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Hey, thanks for the feedback. I’m always tweaking and balancing, so good to keep an eye on what other people are experiencing. Coincidentally, the perks I’m just finishing coding are for the Warlock class, which is a spellcaster devoted to summoning. I have a Female Centaur Warlock who worships Talltioward on the go, and my fearful eye has been kept on whether or not summoning is overpowered. But through this playthrough I think I’m realizing it’s okay, at least for now. Let me answer your question with some detailed thoughts.

 Firstly, very cool that you’ve found a race/class combo you like. I hadn’t thought about it, but a Barbarian is a perfect starting class, since it pretty effectively removes spellcasting from the table, allowing a player to learn other core mechanics first. I think if someone asked for a beginner combo in the future, an Agnostic Half-Orc Barbarian might be my recommendation, since that would also remove Miracles from the list.

 If you’re exclusively playing the same character type, though, it’s important to bear in mind that the experience of other characters would vary widely, making certain things more or less useful. As an example, Hornas’ Striking miracle you mentioned, which costs only 10 Faith Points and allows you to automatically hit on your next swing - I can see how this would be especially devastating for a starting Barbarian character to use. The Barbarian starts with the most powerful weapon among all starting characters - the Small Axe. This is to compensate for their total lack of spell access, but bear in mind its massive damage of 1 to 15, and contrast this with other classes who would start with weapons that do either 1 to 3, 1 to 4, 2 to 4 or 1 to 6, and it immediately becomes clear that Striking serves the starting Barbarian better than any other class. The Small Axe also comes with a massive -18 to hit penalty, so automatically hitting overcomes a big obstacle to its use. A character starting with a Pitchfork, by contrast, has +6 to hit, so Striking, while still useful in many circumstances, is maybe not as necessary to land that blow.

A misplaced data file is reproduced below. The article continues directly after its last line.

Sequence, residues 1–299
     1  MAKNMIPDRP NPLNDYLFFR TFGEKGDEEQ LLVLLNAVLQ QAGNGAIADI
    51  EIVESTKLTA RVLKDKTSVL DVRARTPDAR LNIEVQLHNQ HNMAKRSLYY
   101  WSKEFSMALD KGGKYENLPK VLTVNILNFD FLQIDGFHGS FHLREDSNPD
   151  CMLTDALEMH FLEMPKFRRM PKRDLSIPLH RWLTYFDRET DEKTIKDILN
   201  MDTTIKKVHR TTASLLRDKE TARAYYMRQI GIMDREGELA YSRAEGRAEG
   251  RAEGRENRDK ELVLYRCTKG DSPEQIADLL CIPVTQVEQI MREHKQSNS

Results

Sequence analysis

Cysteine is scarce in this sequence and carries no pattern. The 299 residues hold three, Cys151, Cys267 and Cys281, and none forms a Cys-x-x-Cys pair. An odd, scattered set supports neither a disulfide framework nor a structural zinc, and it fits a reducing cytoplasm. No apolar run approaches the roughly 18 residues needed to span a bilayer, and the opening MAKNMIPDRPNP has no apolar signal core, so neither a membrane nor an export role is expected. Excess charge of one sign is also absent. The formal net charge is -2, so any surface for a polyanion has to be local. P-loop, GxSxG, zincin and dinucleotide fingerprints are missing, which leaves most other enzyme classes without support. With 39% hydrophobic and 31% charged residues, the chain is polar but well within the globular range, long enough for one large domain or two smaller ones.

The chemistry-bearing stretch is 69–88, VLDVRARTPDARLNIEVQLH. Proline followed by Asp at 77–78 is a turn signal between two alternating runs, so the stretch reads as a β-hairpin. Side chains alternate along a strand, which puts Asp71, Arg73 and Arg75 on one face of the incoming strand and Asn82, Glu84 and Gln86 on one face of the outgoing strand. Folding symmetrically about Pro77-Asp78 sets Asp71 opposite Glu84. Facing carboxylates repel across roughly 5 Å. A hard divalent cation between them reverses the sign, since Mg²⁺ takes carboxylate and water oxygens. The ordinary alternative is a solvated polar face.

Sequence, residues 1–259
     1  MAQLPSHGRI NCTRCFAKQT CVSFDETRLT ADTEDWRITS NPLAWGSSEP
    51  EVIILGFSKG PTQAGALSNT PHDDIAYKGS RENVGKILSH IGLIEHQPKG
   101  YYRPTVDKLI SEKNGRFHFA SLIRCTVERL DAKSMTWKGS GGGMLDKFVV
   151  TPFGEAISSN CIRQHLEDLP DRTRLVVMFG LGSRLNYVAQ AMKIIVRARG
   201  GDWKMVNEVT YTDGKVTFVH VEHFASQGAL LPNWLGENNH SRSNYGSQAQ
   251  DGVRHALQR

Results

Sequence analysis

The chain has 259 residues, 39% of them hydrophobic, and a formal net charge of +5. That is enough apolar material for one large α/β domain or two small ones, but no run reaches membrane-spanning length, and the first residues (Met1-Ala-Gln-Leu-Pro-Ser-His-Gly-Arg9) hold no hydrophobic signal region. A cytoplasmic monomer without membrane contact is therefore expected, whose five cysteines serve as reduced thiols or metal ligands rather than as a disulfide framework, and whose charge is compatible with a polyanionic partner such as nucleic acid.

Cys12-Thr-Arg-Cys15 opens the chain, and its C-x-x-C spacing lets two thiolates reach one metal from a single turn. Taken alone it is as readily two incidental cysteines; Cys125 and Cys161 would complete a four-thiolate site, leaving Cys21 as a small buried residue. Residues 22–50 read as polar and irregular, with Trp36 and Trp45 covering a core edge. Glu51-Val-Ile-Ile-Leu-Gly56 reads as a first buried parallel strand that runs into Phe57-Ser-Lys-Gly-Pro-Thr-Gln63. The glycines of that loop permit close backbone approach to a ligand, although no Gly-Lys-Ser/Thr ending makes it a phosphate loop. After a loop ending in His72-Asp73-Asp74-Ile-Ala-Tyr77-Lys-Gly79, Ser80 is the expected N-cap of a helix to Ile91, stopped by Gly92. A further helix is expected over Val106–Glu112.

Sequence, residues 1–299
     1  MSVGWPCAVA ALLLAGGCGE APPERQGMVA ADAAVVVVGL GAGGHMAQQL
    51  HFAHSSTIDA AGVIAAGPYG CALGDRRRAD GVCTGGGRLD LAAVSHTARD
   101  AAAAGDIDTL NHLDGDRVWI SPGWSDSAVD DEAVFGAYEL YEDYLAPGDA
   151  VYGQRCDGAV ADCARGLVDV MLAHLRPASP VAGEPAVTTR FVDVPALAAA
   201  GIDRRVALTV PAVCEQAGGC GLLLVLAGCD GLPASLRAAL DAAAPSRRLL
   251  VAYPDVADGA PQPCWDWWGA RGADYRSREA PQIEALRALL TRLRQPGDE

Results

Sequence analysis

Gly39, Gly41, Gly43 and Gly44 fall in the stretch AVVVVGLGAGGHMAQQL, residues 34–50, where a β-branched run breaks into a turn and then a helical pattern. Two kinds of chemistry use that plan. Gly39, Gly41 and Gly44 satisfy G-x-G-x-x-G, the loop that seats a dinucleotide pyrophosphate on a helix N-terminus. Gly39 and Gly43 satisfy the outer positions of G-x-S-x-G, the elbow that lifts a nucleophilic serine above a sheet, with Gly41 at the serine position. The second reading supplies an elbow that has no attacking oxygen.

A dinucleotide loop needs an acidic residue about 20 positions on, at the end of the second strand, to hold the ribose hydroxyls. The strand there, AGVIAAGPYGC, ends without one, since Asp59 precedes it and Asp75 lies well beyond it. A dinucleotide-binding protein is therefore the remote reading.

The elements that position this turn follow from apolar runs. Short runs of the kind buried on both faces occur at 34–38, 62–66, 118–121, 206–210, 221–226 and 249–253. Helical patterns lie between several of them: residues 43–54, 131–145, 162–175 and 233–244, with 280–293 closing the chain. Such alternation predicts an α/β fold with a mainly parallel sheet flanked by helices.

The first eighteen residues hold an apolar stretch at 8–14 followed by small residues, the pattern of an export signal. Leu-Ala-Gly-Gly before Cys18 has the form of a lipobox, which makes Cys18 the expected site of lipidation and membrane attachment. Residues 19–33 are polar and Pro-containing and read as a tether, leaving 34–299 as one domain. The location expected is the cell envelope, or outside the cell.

Now let’s look at Summoning spells as a whole. The purpose of summoning is, generally, to bring into play a monster that will go and kill other monsters for you, so let’s compare it to another common way to use magic, which is with direct damage spells. Invisible Hammer, in terms of raw numbers, is the most powerful Low Power direct damage spell, doing 8 to 15 physical damage at a cost of 35 Spell Points. In the early game, this is an insanely powerful spell that can kill most monsters with a single application. But it does have some drawbacks - firstly, it’s only useful against a single monster. Once you’ve cast it, the spell points are gone, and you may now be defenseless against other monsters. Secondly, it only works against the monster in your square, meaning to cast it, you have to first engage in a single round of combat, possibly taking damage, possibly even being killed before getting a chance to cast it. And thirdly, it always does physical damage, limiting its effectiveness against monsters with physical resistance, most notably various types of Golems who would be unaffected.